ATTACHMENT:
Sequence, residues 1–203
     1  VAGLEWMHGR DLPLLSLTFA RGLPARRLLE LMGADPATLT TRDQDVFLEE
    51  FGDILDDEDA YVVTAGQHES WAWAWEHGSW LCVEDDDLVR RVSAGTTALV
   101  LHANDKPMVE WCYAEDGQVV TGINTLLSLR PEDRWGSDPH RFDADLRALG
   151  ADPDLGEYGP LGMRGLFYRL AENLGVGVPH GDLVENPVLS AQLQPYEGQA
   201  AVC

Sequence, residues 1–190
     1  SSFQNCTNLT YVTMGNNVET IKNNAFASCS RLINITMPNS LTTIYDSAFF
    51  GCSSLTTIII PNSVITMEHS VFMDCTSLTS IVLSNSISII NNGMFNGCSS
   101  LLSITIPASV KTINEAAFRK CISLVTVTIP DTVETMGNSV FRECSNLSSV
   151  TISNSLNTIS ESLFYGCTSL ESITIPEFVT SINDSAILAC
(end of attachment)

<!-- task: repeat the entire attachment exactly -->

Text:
Sequence, residues 1–203
     1  VAGLEWMHGR DLPLLSLTFA RGLPARRLLE LMGADPATLT TRDQDVFLEE
    51  FGDILDDEDA YVVTAGQHES WAWAWEHGSW LCVEDDDLVR RVSAGTTALV
   101  LHANDKPMVE WCYAEDGQVV TGINTLLSLR PEDRWGSDPH RFDADLRALG
   151  ADPDLGEYGP LGMRGLFYRL AENLGVGVPH GDLVENPVLS AQLQPYEGQA
   201  AVC

Sequence, residues 1–190
     1  SSFQNCTNLT YVTMGNNVET IKNNAFASCS RLINITMPNS LTTIYDSAFF
    51  GCSSLTTIII PNSVITMEHS VFMDCTSLTS IVLSNSISII NNGMFNGCSS
   101  LLSITIPASV KTINEAAFRK CISLVTVTIP DTVETMGNSV FRECSNLSSV
   151  TISNSLNTIS ESLFYGCTSL ESITIPEFVT SINDSAILAC